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Phadia’s F7 test is used to detect blood levels of the IgE (antibodies) responsible for allergic reactions to oats. Although many people are sensitive to oats (skin tests or positive IgE levels), allergic reactions (immediate or delayed, limited or severe) are rare and often manifest as skin problems. Oat allergies should not be confused with celiac disease, which is triggered by gluten. Oats do not normally contain gluten, but many oat preparations are contaminated with gluten from wheat. The interpretation chart accompanying the result expresses the probability of an allergic reaction to oats, but not necessarily the severity of the reaction. Case history (symptoms, relation to meals, snacks, etc.) and clinical examination by the physician are essential for a reliable interpretation of the results.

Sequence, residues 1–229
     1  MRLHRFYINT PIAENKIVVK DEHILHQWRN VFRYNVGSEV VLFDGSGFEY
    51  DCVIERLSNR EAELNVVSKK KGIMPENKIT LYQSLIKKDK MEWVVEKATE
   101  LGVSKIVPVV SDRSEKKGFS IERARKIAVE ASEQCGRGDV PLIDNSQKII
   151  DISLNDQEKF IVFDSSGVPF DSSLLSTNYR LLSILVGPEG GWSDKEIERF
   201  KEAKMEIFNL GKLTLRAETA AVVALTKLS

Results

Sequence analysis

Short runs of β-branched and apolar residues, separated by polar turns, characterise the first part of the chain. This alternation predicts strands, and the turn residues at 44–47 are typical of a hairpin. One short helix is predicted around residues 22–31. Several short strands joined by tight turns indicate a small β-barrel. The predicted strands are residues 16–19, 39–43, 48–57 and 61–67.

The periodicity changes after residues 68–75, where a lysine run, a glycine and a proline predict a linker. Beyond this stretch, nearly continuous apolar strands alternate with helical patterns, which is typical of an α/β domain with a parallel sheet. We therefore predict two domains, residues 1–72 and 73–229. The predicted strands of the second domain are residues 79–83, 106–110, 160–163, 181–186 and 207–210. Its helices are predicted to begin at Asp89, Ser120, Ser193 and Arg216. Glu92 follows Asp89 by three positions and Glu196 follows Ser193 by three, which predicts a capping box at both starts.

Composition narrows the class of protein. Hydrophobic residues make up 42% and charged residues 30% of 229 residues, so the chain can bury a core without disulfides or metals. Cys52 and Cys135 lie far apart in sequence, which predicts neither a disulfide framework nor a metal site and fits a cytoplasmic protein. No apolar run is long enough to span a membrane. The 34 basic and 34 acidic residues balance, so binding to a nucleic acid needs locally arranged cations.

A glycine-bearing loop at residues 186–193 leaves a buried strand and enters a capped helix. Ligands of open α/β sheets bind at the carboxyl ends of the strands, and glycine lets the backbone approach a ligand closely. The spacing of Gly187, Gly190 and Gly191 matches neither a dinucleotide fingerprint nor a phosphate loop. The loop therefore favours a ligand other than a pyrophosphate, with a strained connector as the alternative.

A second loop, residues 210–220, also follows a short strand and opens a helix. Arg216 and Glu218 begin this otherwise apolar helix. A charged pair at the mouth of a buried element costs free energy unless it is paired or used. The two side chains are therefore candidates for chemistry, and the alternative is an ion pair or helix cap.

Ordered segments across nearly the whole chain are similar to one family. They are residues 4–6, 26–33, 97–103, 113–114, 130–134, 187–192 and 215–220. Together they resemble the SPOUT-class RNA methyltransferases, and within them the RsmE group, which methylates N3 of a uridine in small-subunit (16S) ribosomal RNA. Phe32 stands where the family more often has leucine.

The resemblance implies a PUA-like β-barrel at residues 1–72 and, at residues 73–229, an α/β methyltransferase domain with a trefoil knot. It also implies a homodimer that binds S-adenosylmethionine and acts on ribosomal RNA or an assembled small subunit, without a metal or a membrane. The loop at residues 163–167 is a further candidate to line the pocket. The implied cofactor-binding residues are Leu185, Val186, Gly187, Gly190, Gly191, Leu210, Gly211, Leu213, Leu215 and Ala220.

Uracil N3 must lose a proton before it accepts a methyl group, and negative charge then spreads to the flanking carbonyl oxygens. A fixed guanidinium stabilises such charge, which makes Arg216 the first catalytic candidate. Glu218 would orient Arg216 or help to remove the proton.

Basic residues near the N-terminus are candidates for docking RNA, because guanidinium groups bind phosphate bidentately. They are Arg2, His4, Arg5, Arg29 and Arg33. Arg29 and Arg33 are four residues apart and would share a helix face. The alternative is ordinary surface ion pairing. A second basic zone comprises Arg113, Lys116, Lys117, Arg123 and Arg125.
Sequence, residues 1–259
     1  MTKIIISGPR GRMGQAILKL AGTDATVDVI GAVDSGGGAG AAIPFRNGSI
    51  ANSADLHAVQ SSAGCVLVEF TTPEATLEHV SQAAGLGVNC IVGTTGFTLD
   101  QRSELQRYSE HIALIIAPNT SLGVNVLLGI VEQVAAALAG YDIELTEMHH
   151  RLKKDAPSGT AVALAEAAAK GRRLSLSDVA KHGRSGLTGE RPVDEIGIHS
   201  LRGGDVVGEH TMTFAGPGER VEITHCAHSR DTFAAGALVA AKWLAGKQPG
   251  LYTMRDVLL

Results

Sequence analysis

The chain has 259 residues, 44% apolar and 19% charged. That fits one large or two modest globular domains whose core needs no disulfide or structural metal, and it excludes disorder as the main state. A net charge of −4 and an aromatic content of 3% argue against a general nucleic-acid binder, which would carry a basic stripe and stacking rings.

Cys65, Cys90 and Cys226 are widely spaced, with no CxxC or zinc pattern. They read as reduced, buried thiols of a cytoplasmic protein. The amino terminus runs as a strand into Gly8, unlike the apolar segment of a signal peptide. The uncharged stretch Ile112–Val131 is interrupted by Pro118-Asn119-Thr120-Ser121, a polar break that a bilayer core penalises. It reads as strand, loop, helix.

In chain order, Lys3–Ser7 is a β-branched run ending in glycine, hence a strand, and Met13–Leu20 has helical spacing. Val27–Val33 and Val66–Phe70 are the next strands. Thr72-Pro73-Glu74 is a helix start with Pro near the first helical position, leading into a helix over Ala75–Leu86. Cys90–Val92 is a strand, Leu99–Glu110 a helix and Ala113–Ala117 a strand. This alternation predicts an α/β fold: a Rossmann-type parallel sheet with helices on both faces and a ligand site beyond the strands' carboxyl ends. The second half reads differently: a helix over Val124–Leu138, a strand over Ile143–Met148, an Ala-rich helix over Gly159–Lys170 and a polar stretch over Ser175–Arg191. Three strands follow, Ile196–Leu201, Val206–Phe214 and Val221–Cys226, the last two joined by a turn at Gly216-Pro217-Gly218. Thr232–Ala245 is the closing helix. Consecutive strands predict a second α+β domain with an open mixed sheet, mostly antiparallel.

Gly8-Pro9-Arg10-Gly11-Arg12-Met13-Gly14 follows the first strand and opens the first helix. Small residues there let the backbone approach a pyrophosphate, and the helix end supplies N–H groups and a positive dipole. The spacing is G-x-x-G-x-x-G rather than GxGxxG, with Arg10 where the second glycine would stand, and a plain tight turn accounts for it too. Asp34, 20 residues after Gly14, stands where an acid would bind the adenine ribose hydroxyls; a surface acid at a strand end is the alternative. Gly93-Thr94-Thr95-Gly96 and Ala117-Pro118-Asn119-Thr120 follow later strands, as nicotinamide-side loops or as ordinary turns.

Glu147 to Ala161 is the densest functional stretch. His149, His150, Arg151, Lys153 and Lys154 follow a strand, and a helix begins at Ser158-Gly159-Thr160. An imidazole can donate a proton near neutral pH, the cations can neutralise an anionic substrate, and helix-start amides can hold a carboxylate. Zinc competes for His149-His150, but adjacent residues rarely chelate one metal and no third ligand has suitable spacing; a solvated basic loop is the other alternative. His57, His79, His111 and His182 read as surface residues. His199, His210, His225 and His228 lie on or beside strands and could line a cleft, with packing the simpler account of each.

A negative anti-oat IgE result (< 0.35 kU/L) indicates that oats are probably not responsible for the reported symptoms, but it DOES NOT COMPLETELY RULE OUT THIS POSSIBILITY. Both negative and positive results must be interpreted in light of the case history. The double-blind oral food challenge remains the definitive technique for confirming a true food allergy, including one to oats.

Term of the Week

Hot zone

A hot zone is a section of a facility (sometimes an entire facility or even a city district) where there is a high risk of contamination by patients with an infectious disease. All individuals entering a hot zone must respect appropriate protective measures. By analogy, “cold zone” and “warm zone” are used to refer to areas where there is no infected individual or only individuals suspected of having an infection.